- The offshore yuan eased 0.1%, hitting one-month low of 7.0117 per dollar while its onshore unit fell over 1% from its levels before the holiday to 7.0125 per dollar.
- The Australian dollar fetched $0.66925, up slightly on the day but was precariously close to its 10-1/2-year low of $0.6670 touched last October.
The yuan and its proxy, the Australian dollar, were on the defensive on Monday as China’s share market reopened with big losses after the Lunar New Year break and anxiety over a virus outbreak in the country kept investors on guard.
Chinese shares tumbled after the 10-day break was extended to help stem the epidemic though falls were in line with what had been indicated by Chinese share futures and ETFs (Exchange Traded Funds) traded outside China.
A reaction in currency markets has been limited so far although the mood remained cautious as authorities have taken drastic steps worldwide to curb the epidemic.
Travel curbs and business shut-downs are hitting many parts of China as the death toll rose by 56 to 350 on Monday in Hubei province, ground zero of the epidemic.
Australia, Singapore, and the United States are among countries to have banned entry by foreign nationals who have recently visited China.
“The number of new patients continues to rise. And even though the virus may be turning out not to be that severely pathogenic, movements of people and goods will likely be restricted for the time being,” said Masashi Hashimoto, senior currency analyst at MUFG Bank.
“That will surely pour cold water on signs of a rebound in the Chinese economy we saw since December.”
The offshore yuan eased 0.1%, hitting a one-month low of 7.0117 per dollar while its onshore unit fell over 1% from its levels before the holiday to 7.0125 per dollar.
The Australian dollar fetched $0.66925, up slightly on the day but was precariously close to its 10-1/2-year low of $0.6670 touched last October.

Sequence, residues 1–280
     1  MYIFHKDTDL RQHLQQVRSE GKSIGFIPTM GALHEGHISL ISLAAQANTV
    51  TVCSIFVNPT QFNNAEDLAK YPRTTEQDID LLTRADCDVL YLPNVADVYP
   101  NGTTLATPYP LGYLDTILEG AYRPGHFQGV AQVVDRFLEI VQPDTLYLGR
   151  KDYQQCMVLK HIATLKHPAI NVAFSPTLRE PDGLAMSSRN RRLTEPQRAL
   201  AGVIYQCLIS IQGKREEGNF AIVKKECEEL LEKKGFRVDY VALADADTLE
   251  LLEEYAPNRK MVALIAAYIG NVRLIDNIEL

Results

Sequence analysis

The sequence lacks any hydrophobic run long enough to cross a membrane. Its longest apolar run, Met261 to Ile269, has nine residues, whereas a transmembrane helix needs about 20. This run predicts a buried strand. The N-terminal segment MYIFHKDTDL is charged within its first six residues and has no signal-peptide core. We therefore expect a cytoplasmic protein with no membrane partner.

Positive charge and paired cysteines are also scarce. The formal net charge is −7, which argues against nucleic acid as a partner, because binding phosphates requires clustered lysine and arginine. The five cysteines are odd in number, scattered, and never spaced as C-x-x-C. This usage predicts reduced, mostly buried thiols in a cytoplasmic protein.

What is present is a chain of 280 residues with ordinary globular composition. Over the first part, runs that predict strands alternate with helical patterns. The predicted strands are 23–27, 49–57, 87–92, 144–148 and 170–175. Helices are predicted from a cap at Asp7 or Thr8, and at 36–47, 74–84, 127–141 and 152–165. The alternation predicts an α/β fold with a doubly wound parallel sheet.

The currency is often regarded as a proxy to the yuan, being more freely traded and because of Australia’s reliance on trade with China.
“Given the current fragile sentiment, I would not be surprised to see the Australian dollar slipping below its previous 10-year low,” said senior strategist Yukio Ishizuki at Daiwa Securities.
To head off any panic, China’s central bank took a range of steps to shore up an economy hit by travel curbs and business shut-downs because of the epidemic, including an injection of 1.2 trillion yuan ($173.81 billion) worth of liquidity into financial markets.
Still, uncertainty created by the epidemic is keeping investors cautious, helping support safe-harbor currencies.
“Fleeing to safe-havens is a big theme now. Investors will continue to sell currencies in which they have long positions. It will be difficult to buy the yuan at the moment,” said Bart Wakabayashi, Tokyo branch manager of State Street Bank.
The yen traded at 108.48 yen per dollar, a tad weak so far in Asia but still close to its three-week high of 108.305 set on Friday.
The Swiss franc changed hands at 0.96395 franc per dollar, near its 15-month high of 0.96135 set last month.
Against the euro, the franc stood at 1.06810 per euro, just below its 33-month high of 1.0666 touched last week.
The euro stood at $1.1084, having risen 0.6% last week for its first weekly gain in five helped by a boost from month-end money flows from European exporters on Friday.
Elsewhere, sterling fell 0.2% to $1.3172.
Britain laid out a tough opening stance for future talks with the European Union following its exit last week, saying it would set its own agenda rather than meeting the bloc’s rules.
Sentiment toward sterling may also be colored by a stabbing incident in London on Sunday, which police described as a terrorist incident.
Looking ahead, traders will keep an eye on the start of a U.S. state-by-state nominating process to pick presidential nominees, with Iowa holding caucuses on Monday.
Senator Bernie Sanders and former Vice President Joe Biden are running neck-to-neck among Democratic contenders vying to challenge Republican President Donald Trump in November.